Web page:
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Loughlin, best known for starring on "Full House," had a long history with the company. She'd appeared in many of the Hallmark Channel's TV movies, including the "Garage Sale Mysteries" films, and also starred in the drama series "When Calls the Heart."
The company said it's halted any shows or movies involving Loughlin.
"We are saddened by the recent news surrounding the college admissions allegations," Crown Media, the parent company of the Hallmark Channel, said in a statement. "We are no longer working with Lori Loughlin and have stopped development of all productions that air on the Crown Media Family Network channels involving Lori Loughlin, including 'Garage Sale Mysteries,' an independent third party production."
Loughlin, 54, and her husband, fashion designer Mossimo Giannulli, were among dozens of wealthy parents charged in a nationwide scheme to get their children accepted into top colleges and universities.
The scam involved pricey bribes, helping students cheat on admissions exams and, in some cases, passing students off as recruited athletes, regardless of their athletic abilities. The admitted mastermind behind the scheme, William Rick Singer, is cooperating with authorities.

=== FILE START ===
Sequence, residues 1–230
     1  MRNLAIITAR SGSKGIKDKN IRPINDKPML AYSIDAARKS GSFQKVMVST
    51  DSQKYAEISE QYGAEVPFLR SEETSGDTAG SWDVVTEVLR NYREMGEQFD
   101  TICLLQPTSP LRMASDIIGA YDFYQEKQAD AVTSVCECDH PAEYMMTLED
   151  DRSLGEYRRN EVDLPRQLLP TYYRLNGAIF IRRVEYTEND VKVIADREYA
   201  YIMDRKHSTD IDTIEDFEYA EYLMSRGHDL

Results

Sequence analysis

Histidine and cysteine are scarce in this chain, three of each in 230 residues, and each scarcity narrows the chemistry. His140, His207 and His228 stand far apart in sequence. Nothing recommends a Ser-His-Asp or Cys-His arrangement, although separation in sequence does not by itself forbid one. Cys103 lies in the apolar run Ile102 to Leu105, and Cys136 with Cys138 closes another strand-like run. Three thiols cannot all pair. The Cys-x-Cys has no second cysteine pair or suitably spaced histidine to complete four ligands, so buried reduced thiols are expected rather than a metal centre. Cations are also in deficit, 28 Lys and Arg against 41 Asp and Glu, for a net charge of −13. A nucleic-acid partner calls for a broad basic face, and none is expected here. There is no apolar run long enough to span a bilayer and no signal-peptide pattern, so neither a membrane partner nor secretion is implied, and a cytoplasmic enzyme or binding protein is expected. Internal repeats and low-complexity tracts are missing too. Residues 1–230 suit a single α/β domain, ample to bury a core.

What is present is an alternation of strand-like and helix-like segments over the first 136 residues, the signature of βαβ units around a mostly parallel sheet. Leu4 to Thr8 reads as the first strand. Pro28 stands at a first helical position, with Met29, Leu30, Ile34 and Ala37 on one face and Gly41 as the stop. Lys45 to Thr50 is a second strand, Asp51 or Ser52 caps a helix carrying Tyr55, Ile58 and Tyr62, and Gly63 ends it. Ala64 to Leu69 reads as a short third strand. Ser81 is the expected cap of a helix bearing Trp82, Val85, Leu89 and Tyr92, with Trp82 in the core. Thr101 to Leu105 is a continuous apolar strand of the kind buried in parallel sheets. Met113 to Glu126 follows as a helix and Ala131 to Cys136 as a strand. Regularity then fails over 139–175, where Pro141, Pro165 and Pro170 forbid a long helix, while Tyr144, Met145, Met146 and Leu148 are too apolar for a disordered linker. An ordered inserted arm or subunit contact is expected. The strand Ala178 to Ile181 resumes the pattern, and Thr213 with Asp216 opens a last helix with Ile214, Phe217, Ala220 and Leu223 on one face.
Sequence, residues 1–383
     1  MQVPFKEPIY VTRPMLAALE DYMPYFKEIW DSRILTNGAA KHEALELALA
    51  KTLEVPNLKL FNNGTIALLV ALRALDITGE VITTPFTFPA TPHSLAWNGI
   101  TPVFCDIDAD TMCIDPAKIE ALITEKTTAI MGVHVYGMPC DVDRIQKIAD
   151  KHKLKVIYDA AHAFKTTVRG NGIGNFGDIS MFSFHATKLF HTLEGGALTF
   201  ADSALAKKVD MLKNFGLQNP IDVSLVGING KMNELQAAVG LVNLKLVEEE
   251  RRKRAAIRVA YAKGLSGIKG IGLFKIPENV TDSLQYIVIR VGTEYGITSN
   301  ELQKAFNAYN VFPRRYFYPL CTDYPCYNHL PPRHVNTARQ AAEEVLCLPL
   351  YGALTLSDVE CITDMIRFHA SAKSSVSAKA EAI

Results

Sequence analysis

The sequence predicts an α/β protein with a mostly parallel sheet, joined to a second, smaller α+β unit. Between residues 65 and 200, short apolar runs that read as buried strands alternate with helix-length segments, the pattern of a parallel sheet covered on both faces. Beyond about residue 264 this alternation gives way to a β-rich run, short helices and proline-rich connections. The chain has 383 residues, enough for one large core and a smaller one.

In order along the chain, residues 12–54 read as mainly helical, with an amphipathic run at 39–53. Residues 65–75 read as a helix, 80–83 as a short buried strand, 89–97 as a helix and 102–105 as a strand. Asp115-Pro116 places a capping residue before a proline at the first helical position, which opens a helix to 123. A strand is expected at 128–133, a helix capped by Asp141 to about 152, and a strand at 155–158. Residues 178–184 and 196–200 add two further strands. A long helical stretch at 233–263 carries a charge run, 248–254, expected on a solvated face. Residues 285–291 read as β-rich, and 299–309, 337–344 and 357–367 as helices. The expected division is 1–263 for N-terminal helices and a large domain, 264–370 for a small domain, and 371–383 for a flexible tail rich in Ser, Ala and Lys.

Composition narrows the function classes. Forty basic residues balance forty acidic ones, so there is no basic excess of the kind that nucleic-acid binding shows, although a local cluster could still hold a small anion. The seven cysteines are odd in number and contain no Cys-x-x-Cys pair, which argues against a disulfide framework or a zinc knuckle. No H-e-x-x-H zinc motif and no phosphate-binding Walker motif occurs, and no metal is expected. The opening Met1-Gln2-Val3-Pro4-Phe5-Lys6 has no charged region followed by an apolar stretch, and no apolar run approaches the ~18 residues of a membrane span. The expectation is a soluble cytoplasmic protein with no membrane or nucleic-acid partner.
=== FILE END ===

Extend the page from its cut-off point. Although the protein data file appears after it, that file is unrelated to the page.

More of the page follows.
Investigators claim Loughlin and Giannulli agreed to pay $500,000 in bribes to help their daughters get into the University of Southern California, by pretending they were crew-team recruits.
Loughlin surrendered to federal authorities in Los Angeles on Wednesday and later appeared in court. She was released on $1 million bond and is due back in court in Boston on March 29.
The fallout has also extended to Loughlin's daughters, Olivia Jade Giannulli and Isabella Rose Giannulli. Sephora dropped its partnership with Olivia, a YouTube star and social media influencer. Critics are now calling for USC to expel both of the young women.
The federal probe, which uncovered the largest college admissions scam to ever be prosecuted by the Department of Justice, was nicknamed Operation Varsity Blues.